We have some exciting new material that will be appearing shortly in CA: Journal of Cultural Analytics, which I thought I would share here.

Dan Jurafsky, Victor Chahuneau, Bryan R. Routledge, and Noah A. Smith will have a new piece out on the relationship between food menus and social class. As they argue in their piece, “The language used to discuss food offers a powerful way to examine associations of culture and identity and better understand how our cultural norms around food are shaped by the lens of class status and economics. We address this question by exploring Bourdieu’s notions of distinction as reflected in the language of US restaurant menus. Our study uses 5 million words of dish descriptions from 6500 menus drawn from 7 US cities, comparing the different linguistic strategies used in restaurants in four different price classes.”

Timothy Tangherlini, David Mimno, and Peter Broadwell have a new piece on classification and folklore that takes an in-depth look at the long history of folklore classification and what happens when a machine gets hold of these systems. In addition to providing a practical tool for identifying intersections between folkloric stories, they also show how confusion matrices can be used as a tool for understanding the ways in which stories can occupy multiple different generic categories at once. As they write in their piece challenging the prevailing CS view of ground truth labels, their approach “highlights the fundamentally different perspective that humanists have on classification as a tool. Our goal is not to create a system that mimics the decisions of a human annotator, but rather to better represent the porous boundaries between labels.”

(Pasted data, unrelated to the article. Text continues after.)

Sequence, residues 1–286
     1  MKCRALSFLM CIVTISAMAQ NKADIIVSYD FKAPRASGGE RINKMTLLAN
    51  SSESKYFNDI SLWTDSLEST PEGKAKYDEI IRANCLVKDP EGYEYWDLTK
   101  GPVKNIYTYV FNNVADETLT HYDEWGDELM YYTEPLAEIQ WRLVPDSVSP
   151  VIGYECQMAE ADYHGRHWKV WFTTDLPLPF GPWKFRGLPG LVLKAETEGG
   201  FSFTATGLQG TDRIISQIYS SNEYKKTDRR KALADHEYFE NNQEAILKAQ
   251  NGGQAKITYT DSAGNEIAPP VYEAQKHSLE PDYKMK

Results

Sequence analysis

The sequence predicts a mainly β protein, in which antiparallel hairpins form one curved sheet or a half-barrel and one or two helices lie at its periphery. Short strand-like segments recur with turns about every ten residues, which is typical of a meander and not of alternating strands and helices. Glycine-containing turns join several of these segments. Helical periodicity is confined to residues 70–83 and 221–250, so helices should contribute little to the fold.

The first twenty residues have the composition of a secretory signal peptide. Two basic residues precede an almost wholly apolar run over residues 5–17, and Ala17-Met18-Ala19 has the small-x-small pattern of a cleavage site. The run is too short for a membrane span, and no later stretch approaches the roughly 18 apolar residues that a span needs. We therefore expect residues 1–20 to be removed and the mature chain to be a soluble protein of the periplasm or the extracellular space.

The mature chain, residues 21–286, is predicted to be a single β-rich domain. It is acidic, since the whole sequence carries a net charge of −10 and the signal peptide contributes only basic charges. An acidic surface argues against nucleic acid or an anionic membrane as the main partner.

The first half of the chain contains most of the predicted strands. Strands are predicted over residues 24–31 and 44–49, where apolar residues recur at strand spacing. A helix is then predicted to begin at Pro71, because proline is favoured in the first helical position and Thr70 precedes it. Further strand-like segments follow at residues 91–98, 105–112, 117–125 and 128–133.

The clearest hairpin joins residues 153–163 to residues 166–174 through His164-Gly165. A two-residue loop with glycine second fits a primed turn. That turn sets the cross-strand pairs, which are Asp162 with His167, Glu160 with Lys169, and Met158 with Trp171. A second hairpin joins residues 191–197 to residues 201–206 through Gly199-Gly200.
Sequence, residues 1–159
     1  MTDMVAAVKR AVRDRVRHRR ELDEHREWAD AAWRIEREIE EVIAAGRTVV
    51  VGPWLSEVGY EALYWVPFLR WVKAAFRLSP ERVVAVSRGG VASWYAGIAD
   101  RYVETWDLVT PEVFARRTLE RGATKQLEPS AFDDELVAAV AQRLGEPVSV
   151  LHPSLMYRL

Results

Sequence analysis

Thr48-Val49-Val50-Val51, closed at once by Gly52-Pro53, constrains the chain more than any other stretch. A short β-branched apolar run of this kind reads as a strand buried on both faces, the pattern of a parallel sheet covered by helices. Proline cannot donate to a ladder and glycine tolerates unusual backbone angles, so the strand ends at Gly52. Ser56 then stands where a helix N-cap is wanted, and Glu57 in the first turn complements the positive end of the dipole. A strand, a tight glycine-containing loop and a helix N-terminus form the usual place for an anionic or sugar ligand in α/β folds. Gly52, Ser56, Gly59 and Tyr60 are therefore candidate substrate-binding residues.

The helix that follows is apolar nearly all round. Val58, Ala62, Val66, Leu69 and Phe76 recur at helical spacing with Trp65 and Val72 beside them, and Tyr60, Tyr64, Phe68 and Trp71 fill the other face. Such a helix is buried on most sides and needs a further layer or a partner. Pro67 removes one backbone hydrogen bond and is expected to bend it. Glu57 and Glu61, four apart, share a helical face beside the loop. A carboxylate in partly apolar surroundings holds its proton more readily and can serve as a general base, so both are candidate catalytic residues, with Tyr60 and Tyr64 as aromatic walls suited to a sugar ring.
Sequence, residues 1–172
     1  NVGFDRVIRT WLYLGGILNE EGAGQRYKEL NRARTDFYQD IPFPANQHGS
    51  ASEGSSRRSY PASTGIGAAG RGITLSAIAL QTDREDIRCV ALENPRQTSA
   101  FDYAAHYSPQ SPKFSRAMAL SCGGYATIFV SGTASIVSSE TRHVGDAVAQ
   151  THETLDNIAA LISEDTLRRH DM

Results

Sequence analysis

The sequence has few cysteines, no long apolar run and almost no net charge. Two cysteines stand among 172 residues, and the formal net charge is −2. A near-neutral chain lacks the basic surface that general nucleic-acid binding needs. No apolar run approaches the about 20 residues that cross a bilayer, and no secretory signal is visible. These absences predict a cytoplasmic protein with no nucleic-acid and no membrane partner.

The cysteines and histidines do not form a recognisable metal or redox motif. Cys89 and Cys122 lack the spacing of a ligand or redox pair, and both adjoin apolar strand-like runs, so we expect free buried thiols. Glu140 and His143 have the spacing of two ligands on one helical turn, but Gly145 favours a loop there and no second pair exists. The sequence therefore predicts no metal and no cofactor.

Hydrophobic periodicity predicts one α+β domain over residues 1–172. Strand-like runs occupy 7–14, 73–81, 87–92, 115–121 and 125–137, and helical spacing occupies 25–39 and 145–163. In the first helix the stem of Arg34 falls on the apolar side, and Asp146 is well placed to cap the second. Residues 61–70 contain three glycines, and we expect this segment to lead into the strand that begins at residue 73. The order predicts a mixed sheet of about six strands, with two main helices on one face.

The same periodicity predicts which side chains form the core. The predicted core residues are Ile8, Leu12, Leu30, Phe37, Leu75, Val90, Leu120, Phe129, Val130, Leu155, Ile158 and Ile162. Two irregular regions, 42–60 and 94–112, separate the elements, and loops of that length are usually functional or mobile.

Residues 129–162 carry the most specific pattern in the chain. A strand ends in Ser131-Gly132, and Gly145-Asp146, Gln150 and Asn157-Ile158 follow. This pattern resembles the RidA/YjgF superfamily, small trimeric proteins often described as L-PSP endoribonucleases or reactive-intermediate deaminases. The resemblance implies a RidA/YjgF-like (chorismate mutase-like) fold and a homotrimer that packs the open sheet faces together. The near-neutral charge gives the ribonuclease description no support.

The NovelTM research group will be producing a cluster on “The Novel and Genre,” with contributions from Ted Underwood, Matthew Wilkens, Matthew Jockers and Gabi Kirilloff, Matt Erlin, Andrew Piper, Mark Algee-Hewitt and his team Laura Eidem, Ryan Heuser, Anita Law, and Tanya Llewellyn. The aim of this cluster is to address how literary scholars have historically grouped novels, whether as subcategories like detective fiction, gothic fiction, white-male fiction, or as marketing devices used by publishers in the eighteenth century (the tale, romance, history), or as subject to different kinds of characterization, or even more fundamentally through the novel’s distinction from non-fiction. In each article, the cluster will explore how computational approaches can shed light onto the coherence and affinities between novels and between different kinds of groupings of novels. What does such a computational understanding of genre allow us to do and say about the history of the novel?